WE HAVE BEEN singing the praises of these parts from the beginning. John Smith sailed into the Chesapeake and proclaimed Virginia a paradise. Jefferson said the Potomac at Harper's Ferry was a scene worth "a voyage across the Atlantic." Looking back, we can see there was a touch of the travel agent in Smith; and Jefferson, with only "works of nature" to put against Europe's "works of art," was perhaps overemphatic in defense of the new republic. But we can imagine what they felt. These years later, the landscape has not lost its power to inspire.

In what way, is the question. Consider the diversity -- which is breathtking. Unnamed senior officials, obliged to stay in contact with the office, have within beeper range an unrivaled mixture of natural places and settings: to the west run the low-slung saddles and shoulders of the Blue Ridge. The mountains make sort of geological curtsy, dipping into the rolling hills and meadow uplands of the Piedmont. The Piedmont slopes toward that demarcation where boulders and white water blocked the passage of ships upriver -- the fall line. Here the soft clay- and-sand plains commence, the ground of tobacco fields and the intensely sociable culture of the southern plantation. (A culture so sociable that George Washington had dinner guests every night for 20 years.) And fi ground yields to the water-logged terrain fringing the Chesapeake Bay (the most productive bay on earth) and the barrier island beaches that defend the continent.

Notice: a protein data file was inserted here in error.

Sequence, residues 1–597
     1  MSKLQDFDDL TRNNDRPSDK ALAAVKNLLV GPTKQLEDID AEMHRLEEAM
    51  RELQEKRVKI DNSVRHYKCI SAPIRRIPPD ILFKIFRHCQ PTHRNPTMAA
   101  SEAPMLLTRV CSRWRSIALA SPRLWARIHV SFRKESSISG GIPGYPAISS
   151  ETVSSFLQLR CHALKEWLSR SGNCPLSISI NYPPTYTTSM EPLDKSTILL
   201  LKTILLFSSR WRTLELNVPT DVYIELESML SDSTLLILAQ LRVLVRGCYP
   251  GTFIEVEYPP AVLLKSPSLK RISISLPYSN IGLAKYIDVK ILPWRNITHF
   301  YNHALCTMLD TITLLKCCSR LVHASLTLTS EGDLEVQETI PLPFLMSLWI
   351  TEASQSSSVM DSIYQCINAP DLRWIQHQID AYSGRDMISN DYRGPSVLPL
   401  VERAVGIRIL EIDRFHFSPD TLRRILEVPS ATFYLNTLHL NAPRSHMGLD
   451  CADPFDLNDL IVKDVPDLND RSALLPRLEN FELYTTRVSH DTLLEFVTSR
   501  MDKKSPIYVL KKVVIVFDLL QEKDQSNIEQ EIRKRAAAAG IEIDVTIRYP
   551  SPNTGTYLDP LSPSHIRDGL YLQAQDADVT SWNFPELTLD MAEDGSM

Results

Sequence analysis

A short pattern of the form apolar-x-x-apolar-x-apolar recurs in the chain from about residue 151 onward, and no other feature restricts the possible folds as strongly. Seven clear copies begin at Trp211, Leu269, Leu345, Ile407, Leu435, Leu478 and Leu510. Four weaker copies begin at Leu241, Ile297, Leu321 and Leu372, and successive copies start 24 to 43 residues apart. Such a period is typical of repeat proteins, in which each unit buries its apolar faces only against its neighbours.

If the American West is scaled to symphonic dimensions, the topography here has the intimacy of chamber music. The hills and cardinal points seldom afford prospects of more than 10 or 20 miles. Sultry air blurs the long view. It is